“We want to achieve a total number of people taken in for humanitarian reasons (refugees and asylum seekers, those entitled to subsidiary protection, family members, relocation and resettlement minus deportations and voluntary departures of future refugees) that does not exceed 200,000 people a year,” the agreement stated, according to Reuters.
This would relate to the humanitarian inflow, in other words asylum seekers and refugees; migrant workers would not be affected by the scheme. In exceptional circumstances, that number could be increased or lowered by the Bundestag, Der Spiegel reported, citing a draft paper.
Since 2015, when the German Chancellor announced her decision to let in hundreds of thousands of refugees, around 1 million asylum-seekers have arrived in Germany, putting a strain on its social welfare system and sparking a rise in anti-migrant sentiment, as well as opening deep rifts within German society.
Merkel is now expected to start coalition talks next week.
With 33 percent of the votes, her CDU/CSU alliance won a plurality in the German parliamentary elections late last month. However, for both the CDU/CSU and their closest rival, the Social Democratic Party (SPD), which gained 20.5 percent of the vote, the results were the worst in over 60 years. Meanwhile, the anti-immigrant AfD – which secured 12.6 percent of the vote – came in third and will enter the Bundestag for the first time.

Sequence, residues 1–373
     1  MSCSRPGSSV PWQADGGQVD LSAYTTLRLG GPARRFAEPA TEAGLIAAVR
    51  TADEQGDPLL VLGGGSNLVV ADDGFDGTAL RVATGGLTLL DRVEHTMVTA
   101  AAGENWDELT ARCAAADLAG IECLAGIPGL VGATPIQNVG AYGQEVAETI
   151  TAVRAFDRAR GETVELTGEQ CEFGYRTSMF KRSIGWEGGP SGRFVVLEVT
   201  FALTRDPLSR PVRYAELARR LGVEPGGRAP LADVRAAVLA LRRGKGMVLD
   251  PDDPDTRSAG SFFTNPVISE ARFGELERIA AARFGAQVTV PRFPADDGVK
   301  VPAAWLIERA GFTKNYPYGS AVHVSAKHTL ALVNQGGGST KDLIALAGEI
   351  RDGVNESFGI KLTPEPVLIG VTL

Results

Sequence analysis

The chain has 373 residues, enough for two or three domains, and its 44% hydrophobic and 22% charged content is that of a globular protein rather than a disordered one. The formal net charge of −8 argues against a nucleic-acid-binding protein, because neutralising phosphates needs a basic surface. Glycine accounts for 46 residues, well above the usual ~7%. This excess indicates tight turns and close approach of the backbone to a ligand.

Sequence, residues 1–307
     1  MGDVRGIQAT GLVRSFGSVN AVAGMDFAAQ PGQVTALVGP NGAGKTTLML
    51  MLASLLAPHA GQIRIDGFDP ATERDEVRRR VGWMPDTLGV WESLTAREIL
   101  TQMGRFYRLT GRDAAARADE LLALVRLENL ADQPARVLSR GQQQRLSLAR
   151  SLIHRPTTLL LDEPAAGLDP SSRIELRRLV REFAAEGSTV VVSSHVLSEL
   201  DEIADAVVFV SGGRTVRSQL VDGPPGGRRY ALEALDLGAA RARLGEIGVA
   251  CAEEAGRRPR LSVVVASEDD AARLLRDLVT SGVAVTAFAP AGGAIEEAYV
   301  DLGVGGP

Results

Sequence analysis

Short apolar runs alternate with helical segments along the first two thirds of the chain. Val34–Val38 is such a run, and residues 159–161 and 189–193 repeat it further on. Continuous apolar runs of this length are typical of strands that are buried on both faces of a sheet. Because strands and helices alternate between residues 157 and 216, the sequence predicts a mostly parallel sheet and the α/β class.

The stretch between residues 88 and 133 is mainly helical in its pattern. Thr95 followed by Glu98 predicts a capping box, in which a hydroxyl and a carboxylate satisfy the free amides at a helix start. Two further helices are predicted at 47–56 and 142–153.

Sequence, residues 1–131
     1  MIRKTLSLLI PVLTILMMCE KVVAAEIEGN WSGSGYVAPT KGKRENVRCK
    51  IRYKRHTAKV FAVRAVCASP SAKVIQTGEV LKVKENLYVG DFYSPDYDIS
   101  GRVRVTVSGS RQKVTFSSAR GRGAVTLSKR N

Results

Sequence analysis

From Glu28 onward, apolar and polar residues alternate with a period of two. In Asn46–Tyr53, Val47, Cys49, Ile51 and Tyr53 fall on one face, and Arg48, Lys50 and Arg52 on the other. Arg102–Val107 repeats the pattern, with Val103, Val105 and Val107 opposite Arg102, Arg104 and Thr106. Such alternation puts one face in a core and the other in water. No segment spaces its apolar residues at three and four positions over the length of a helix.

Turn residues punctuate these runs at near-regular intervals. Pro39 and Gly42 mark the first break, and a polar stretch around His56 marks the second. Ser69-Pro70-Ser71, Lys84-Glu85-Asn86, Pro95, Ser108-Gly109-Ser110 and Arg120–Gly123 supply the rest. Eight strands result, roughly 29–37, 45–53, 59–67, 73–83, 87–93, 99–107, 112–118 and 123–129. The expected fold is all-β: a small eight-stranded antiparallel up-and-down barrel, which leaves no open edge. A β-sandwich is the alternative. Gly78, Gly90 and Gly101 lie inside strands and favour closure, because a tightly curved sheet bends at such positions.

Public support for the AfD grew amid mounting anti-refugee sentiment following Merkel’s open-door policy.
Ahead of the federal election, the chancellor once again defended her open-door policy by denying she made any mistakes over the course of the refugee crisis.
“I’d make all the important decisions of 2015 the same way again,” Merkel told the German Die Welt in late August, addingthat she has no regrets about her refugee stance.
“I made my decision based on what I thought was right from a political and humanitarian standpoint,” she said, and described the 2015 refugee crisis as one of “extraordinary situations” that just “happen every once in a while in a country’s history.”
Germany’s geographic location together with the Dublin agreement (regulating asylum procedures in the EU) has left most refugees stranded in the EU’s coastal states, such as Greece and Italy. Despite this, Germany has been receiving thousands of asylum-seekers annually. As the migrant influx from the Middle East and North Africa gained momentum, the German chancellor announced a “humanitarian move,” opening Germany’s borders to migrants in August 2015.
The mass influx of refugees had a major impact on Germany’s national security situation. In August 2016, the head of the Bavarian department of the Domestic Intelligence Agency (BfV), Manfred Hauser warned that “hit squads” linked to Islamic State (IS, formerly ISIS/ISIL) might have infiltrated Germany posing as refugees.
The deadliest incident occurred on December 19 2016, when a rejected asylum-seeker plowed a truck into a Berlin Christmas market, leaving 12 people dead and dozens injured. The assailant, a Tunisian man named Anis Amri who had pledged allegiance to IS, had previously been on the radar of the police. Amri managed to flee the scene and reach Italy, where he was gunned down by police.